As I remember it, the sharp, shiny steel and black pocket knife showed up at our house on Myers Avenue when I was about 8 years old. To this day, I am confused about where it came from, but my Dad showed it to me around my birthday and said it would be mine to keep when I turned 12.
Photo of my present Pocket Knife
My dad never went hunting or fishing, so I didn’t think the knife was directly from him. The main tools he had were for gardening or some house remodeling. Once, he let me help build a dog house for our new puppy.
Photo of dog house, my sisters Margaret and Mary, and Brother Joe and our new puppy, Murphy..
Most likely, the pocket knife came from a sale when my Liechty Grandparents moved off the farm to Brussels St. in Archbold, Ohio. In any case, it was a great reminder of him, because with around 45 Liechty first cousins, I didn’t get to know him real well. He always seemed bigger than life, and then he passed away when I was 7.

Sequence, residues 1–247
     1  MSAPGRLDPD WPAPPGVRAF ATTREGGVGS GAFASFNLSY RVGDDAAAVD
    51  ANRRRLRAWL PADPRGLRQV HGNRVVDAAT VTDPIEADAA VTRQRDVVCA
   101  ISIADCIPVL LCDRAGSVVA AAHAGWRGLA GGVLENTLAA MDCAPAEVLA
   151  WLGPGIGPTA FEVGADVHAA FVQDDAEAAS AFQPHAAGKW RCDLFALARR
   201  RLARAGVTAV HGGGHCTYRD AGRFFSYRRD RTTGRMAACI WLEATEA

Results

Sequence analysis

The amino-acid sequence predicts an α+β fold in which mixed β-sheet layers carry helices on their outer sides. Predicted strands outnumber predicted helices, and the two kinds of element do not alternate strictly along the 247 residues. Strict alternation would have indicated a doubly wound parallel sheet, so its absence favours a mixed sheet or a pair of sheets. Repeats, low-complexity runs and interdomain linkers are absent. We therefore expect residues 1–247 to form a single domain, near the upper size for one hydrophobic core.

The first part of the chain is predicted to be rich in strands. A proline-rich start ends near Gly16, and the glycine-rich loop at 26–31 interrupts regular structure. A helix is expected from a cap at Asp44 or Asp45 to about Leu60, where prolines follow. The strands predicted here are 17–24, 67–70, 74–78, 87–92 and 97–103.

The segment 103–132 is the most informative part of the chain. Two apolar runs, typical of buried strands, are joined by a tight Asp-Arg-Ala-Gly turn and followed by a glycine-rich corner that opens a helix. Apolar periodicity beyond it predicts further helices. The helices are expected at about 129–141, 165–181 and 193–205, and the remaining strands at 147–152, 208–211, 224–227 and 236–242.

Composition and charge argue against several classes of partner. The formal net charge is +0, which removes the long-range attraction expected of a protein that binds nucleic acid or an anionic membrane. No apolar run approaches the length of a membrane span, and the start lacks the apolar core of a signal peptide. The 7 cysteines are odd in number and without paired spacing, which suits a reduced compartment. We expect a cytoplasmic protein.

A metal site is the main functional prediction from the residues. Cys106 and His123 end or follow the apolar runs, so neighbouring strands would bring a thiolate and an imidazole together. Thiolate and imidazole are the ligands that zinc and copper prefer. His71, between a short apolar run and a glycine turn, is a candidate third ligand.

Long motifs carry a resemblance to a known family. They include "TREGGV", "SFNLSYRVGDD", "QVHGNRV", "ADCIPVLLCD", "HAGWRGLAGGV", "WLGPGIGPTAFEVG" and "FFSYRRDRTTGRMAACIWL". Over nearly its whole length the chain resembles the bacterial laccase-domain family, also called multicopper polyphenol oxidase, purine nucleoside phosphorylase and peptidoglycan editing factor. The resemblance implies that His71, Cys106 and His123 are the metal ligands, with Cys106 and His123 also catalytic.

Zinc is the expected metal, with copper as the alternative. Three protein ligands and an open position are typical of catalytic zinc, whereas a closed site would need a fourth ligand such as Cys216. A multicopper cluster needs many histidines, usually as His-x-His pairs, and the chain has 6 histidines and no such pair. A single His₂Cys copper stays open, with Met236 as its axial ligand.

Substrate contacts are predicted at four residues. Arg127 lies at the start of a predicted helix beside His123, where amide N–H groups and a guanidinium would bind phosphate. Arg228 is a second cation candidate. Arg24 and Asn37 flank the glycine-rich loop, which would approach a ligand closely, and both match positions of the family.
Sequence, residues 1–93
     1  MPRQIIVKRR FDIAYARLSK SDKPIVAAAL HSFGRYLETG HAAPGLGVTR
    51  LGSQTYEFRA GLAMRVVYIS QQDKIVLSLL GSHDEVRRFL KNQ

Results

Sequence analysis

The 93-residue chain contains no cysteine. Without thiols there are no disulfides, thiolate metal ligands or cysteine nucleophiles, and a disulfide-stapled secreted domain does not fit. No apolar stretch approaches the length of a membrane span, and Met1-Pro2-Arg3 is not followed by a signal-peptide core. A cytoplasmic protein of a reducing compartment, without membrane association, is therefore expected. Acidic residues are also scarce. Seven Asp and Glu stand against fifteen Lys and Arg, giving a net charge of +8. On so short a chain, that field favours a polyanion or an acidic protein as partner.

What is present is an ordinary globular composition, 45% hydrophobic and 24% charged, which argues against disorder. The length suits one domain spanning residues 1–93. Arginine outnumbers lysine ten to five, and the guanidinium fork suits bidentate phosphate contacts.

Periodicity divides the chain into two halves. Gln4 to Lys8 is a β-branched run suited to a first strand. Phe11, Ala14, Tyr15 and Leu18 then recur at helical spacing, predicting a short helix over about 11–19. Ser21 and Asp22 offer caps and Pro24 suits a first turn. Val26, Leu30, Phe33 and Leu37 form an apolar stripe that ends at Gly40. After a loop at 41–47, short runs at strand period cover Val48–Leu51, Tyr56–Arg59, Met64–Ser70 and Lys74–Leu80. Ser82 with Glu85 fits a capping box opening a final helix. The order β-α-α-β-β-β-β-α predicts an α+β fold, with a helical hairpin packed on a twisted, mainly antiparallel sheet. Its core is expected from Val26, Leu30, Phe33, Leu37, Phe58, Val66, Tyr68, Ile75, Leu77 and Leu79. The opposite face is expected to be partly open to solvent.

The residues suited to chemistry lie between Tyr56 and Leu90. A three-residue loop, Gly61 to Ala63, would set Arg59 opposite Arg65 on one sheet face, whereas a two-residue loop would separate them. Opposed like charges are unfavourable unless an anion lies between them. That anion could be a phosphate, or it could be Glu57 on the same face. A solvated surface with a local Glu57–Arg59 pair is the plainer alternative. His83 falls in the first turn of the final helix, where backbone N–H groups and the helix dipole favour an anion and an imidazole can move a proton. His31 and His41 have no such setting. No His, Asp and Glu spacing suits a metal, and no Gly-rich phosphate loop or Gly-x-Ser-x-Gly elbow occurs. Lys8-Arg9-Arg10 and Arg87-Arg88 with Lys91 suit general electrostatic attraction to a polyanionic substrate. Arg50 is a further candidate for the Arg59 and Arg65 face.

Unfortunately, having seen the knife and knowing it was forbidden fruit, caused me to poke around for it on occasion, when my dad was at work. Voila, one day I found it in the back of Dad’s dresser drawer, in a fine little cardboard box, wrapped up with tissue inside.
I didn’t see any harm in carefully taking it out and admiring it, but before long, I wanted to see how it worked. We lived beside the woods along Yellow Creek, and so I took it along exploring, practicing carving as I went. The spear point went well, but the sling shot required a special pull stroke.
Since this had been an unauthorized, private adventure, I did not get the basic education in carving, especially Rule No. 1: Never, never, never carve toward yourself. The knife slipped and cut to the bone at the base of my right index finger, which produced an impressive amount of blood.
I had to hustle in to the house to show mom. She bandaged it and mentioned that Dad would be coming home soon. The pain of the injury was exceeded by the spanking, but I still love pocket knives.